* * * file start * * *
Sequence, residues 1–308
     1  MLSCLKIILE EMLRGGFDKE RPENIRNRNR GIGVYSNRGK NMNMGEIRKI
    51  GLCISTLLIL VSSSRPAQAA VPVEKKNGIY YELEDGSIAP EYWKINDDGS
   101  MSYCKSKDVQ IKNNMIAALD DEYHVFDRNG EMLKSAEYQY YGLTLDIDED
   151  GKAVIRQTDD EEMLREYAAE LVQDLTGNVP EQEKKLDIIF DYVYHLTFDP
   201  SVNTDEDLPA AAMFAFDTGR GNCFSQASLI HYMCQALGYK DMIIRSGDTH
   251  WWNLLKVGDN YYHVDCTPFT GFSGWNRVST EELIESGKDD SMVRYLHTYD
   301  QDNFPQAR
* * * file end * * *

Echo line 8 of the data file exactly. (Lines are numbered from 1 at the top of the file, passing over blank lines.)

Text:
   301  QDNFPQAR